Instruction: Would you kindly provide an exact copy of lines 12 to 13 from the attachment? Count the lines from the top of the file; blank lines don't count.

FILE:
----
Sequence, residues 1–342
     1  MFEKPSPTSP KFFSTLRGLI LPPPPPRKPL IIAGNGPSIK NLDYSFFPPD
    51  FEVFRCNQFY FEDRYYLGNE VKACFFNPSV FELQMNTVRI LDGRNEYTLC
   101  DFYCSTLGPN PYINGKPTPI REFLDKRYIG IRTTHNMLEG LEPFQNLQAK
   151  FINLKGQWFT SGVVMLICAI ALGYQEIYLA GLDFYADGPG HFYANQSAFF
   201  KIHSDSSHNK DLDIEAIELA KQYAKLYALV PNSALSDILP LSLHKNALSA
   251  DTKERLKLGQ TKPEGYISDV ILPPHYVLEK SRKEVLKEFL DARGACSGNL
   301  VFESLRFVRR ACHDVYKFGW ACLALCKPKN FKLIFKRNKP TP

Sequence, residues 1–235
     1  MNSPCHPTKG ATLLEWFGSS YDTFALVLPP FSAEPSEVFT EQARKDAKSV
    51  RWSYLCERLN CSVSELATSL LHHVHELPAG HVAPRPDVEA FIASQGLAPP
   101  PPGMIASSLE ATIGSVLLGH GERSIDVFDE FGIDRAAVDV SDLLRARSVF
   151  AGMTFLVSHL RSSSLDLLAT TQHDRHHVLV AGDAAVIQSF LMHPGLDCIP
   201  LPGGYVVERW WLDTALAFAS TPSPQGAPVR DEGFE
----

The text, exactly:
   101  PPGMIASSLE ATIGSVLLGH GERSIDVFDE FGIDRAAVDV SDLLRARSVF
   151  AGMTFLVSHL RSSSLDLLAT TQHDRHHVLV AGDAAVIQSF LMHPGLDCIP